In the univariate analysis, diarrhea was significantly associated with length of stay (LOS) > 21 days, receiving EN > 11 days, and antibiotics or proton pump inhibitors.  Starting the EN with the lowest FODMAP content was significantly and inversely related to diarrhea incidence.  In multivariate analysis (controlling for other factors that influence diarrhea), LOS > 21 days and EN duration > 11 days remained independently associated with diarrhea.  The use of a low FODMAP EN formula was significantly inversely related to diarrhea incidence on multivariate analysis.

Author’s Conclusions:

“Length of stay and EN duration independently predicteddiarrhoea development, while being initiated on a lower FODMAP formula reduced the likelihood of diarrhoea. As retrospective evaluation does not support a cause–effect relationship, an interventional study investigating FODMAPs in enteral formula is indicated.”


The topic of the potential role of FODMAPs in IBS and other functional GI disorders is an emerging topic, but currently with a limited amount of objective data.  The concept of a potential role for FODMAPs as a contributor to GI symptoms in patients receiving EN is relatively unexplored, and is a logical extension of the research of the effects of FODMAP consumption.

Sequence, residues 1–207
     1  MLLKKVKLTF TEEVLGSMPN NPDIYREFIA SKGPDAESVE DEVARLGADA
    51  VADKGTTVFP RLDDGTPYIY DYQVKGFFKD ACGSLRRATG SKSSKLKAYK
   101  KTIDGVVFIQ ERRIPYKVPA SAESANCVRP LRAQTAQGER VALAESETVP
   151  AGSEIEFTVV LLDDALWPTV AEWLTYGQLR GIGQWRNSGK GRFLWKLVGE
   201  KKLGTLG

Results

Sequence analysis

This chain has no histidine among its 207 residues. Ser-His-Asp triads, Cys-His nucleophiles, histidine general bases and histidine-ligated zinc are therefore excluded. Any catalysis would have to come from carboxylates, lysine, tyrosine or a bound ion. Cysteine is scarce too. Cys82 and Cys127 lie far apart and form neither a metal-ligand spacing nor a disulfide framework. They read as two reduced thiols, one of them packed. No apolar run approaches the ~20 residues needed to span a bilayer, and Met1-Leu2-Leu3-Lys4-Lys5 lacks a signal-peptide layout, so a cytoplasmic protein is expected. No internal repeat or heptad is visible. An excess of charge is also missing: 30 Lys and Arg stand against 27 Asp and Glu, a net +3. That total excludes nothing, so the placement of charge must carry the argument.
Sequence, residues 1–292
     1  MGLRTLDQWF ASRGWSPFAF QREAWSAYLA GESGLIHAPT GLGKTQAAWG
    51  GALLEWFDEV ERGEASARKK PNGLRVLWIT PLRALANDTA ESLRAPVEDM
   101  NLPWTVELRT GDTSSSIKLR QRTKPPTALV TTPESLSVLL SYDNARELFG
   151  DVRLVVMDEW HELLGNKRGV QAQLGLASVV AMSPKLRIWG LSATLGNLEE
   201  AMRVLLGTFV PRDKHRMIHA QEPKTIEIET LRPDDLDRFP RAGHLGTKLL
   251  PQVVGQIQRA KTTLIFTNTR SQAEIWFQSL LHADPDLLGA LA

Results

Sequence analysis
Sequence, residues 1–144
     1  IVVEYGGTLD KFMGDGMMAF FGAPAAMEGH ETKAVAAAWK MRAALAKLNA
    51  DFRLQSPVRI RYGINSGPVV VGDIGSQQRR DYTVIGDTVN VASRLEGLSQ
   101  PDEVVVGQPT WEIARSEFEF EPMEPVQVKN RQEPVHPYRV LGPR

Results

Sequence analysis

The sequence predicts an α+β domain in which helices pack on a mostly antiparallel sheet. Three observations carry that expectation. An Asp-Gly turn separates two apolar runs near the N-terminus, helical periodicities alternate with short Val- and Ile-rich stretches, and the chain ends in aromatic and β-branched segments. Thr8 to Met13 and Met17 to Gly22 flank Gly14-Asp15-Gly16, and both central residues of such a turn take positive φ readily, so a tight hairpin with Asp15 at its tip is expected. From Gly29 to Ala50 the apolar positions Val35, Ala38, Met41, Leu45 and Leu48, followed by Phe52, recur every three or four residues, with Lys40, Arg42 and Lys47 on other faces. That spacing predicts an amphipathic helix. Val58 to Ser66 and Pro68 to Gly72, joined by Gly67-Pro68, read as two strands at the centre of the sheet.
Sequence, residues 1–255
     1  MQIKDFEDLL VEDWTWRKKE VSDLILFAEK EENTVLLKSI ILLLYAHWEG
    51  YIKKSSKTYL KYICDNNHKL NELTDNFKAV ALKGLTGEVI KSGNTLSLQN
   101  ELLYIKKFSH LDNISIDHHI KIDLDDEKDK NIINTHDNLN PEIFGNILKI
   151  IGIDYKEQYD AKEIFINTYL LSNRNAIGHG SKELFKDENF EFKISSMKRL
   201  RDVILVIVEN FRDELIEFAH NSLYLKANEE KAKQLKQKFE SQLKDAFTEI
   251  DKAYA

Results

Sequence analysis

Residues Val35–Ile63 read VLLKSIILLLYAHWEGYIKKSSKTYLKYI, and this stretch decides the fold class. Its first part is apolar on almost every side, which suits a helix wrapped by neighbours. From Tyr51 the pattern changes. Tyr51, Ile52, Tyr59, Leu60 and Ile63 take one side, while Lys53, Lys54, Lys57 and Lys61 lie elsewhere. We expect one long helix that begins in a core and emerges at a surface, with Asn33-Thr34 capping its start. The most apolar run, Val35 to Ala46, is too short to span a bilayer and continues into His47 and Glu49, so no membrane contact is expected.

The authors of this paper discuss a number of the limitations of this study, including the retrospective design, which only allows the formation of theories that need to be tested in randomized studies.  There were also a limited number of patients for a retrospective study, especially when evaluating subgroups, such as 20 patients that received the low FODMAP formula.  The definition of diarrhea used for this study is problematic because it relies on subjective assessment of what is normal versus what is “loose”.  The authors also point out the low number of patients (1/3) microbial tested for Clostridium difficile (if other microbes were tested, they were not reported) in this study.  Ultimately C. diff toxin was reported in only 5% of patients, which would be considered extraordinarily low in most hospitals in the US.  Finally, the FODMAP content was based on the daily volume of formula required to provide the RDI for micronutrients (1000mL in most circumstances), not the amount patients received (we also do not know how much of each formula each patient got, hence it is conceivable that they actually received the same amount of FODMAPS due to differences in volume of EN infused).